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The Mansfield press. (Mansfield, Wright County, Mo.) 1908-1912, June 11, 1909, Image 2

Image and text provided by State Historical Society of Missouri; Columbia, MO

Persistent link: https://chroniclingamerica.loc.gov/lccn/sn89066919/1909-06-11/ed-1/seq-2/

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H a DaWS." Publisher.
It la veil know that Alaska baa
toes, a sturc ot rcvenus to U
Uaited States almost from Ita pur
chase. A a matter of fact, for many
years the goTernment enjoyl a large
rerenue from Alaska without expend
ing a dollar except for officers to col
lect the revenue, aays the Manchester
Union. To the present time the re
ceipts are out of reasonable propor
tion to the money that la expended
for the benefit of that great and val
uable territory. By way of con
trast the Seattle Post-Intelligencer
states that the Canadian figures show
that the Dominion government has ex
pended In the Yukon 12,000.000 mort
than It haa ever received from that
territory In the way of taxes of every
kind and character, land sales and
royalties on gold production. It Is
further asserted that "in police pro
tection and in the matter of construc
tion of public works for the develop
ment of the country, the Canadian
government has made a record out ot
all comparison greater than haa the
government of the United States."
It was the former custom to select
city mottoes "from the dead languages,
but now they are live ones and aim to
x attract attention without the aid of
an interpreter, says the Detroit Free
Press. Detroit's is of that kind, and
Topeka makes a hit with "Topeka
Kan., Topeka Will." This not only
Ignores the classics but takes liber
ties with the much-disorganized rules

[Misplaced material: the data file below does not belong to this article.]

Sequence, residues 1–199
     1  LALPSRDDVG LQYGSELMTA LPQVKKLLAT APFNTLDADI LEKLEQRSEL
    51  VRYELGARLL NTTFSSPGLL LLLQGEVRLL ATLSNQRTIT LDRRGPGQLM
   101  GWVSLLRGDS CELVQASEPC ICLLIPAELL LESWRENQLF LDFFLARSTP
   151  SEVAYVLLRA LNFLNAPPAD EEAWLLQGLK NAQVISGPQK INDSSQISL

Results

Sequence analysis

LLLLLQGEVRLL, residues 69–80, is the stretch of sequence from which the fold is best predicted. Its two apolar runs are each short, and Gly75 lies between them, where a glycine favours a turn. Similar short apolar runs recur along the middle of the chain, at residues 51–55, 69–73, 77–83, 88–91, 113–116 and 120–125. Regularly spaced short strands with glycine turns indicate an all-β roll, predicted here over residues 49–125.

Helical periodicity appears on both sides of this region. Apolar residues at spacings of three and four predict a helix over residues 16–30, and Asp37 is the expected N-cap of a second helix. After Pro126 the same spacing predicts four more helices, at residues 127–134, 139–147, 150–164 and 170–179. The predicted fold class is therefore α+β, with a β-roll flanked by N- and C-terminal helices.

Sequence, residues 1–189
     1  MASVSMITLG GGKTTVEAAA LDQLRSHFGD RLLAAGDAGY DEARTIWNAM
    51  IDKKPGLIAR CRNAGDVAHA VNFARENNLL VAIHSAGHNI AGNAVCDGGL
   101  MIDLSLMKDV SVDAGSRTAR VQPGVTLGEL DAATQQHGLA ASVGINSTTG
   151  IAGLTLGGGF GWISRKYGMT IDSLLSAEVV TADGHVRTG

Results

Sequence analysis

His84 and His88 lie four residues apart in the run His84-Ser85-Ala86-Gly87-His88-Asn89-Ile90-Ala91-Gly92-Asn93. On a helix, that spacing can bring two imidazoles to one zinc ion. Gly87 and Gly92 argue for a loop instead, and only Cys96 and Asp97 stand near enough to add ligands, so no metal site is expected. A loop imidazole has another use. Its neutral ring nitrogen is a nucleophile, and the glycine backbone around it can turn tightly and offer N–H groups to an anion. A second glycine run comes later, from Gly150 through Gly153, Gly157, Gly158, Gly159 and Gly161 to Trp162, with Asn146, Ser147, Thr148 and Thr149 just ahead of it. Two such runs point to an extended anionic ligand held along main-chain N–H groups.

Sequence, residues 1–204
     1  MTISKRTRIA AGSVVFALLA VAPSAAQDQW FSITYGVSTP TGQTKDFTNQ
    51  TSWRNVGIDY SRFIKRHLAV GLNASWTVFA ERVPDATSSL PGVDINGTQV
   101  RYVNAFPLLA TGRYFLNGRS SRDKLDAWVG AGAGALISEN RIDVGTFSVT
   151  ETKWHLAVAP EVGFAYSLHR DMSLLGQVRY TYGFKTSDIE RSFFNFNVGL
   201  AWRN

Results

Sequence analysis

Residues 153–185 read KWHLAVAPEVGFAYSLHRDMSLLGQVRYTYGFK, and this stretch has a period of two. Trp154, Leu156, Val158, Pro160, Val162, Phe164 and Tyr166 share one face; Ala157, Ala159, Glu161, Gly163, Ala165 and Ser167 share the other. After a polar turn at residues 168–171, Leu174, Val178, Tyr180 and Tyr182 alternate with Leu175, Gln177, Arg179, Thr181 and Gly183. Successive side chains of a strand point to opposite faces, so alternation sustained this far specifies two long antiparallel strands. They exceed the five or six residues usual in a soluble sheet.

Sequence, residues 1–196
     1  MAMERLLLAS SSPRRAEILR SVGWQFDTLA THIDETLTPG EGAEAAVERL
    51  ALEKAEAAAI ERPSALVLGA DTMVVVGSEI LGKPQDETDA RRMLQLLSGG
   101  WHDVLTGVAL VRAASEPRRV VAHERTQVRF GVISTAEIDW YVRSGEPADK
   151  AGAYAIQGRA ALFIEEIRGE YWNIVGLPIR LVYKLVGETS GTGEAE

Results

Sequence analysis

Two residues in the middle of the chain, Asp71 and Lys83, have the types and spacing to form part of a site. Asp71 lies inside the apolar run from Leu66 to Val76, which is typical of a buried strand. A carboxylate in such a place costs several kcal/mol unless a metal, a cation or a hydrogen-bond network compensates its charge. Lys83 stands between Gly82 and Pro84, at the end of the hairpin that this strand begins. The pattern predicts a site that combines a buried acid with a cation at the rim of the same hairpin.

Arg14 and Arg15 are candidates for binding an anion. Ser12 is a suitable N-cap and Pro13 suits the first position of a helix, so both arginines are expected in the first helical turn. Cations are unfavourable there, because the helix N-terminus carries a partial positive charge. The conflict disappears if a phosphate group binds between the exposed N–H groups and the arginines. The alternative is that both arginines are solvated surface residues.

of speliiug, yet it is calculated to
arouse a good-humored feeling toward
the pushing young city. "You'll like
Tacoma," is also a late motto. It does
not sound like a municipal war cry,
but it carries the Impresion of calm
assurance and will give the rival city
of Seattle a chance to adopt some
thing more intense, with a sharper
ring. How would some of these
serve: "San Francisco shakes things
up;" "Milwaukee never brews trou
ble;" "Pittsburg smokes and makea it
pay;" "New York tempers the wind
to the lambs it shears;" "Boston is,
the lustiest of the hasbeans;"
"Washington leads in all but base
ball?" The Chicago pastor wno is submit
ting questions on arrlage and home
life to be answered by the congrega
tion is getting much practical wisdom
In the replies, says the Baltimore
American. Among some submitted
are the assertions by the majority
that wives have as much right to the
money as the husband, that ttere
should be no distinction of sex in the
treatment of children at home, and
that parents should not unduly sacri
fice themselves for their children.
But is Is highly probable that this
wise Chicago congregation, like
many others, s quicker to see the
light than to pursue the path It so
clearly Illuminates.
A young man in Brooklyn is suing
the police for 1125,000 damages for
photographing and measuring him by
the Bertlllon system, when he was
proved innocent of any crime. He
claims that his personal pride, self-re-pect,
legal rights and nervous sys
tem were Injured to that extent,
which collective wrongs certainly call
for some substantial soothing. On
the other hand, the police hold that
persons are thin-skinned to an un
justifiable extent who cannot pass
over a little mistake like being ranked
among the .criminal population.
When fears were expressed that
President Roosevelt might fall a vie
Urn to the sleeping sickness, the state
ment was made that the tse tse fly, so
dangerous to native Africans, never
bites a white man. But recent ad
rices from Mombasa are to the ef
fct that seven European doctors who
were studying the disease have suc
cumbed to it Evidently the corre
spondent Is "abroad In the land."
When correspondents tell conflicting
stories, what Is to be believed?
The latest report shows that there
are 6,916 national banks In the coun
try, with an aggregate authorized cap
Ital of 1944,726,000. During April 28
banks, with total capital of $1,530,000,
were authorized to do business. As is
shown, many of the newer institutions
have small capital. They are de
signed to meet requirements In com
munities heretofore without such fa
cilities, and the whole showing point
to a very desirable expansion.
A government report intimates that
building operations in the United
States may be greater In 1909 than
ia any preceding' year In the history
of the c-vrntry. The promise of con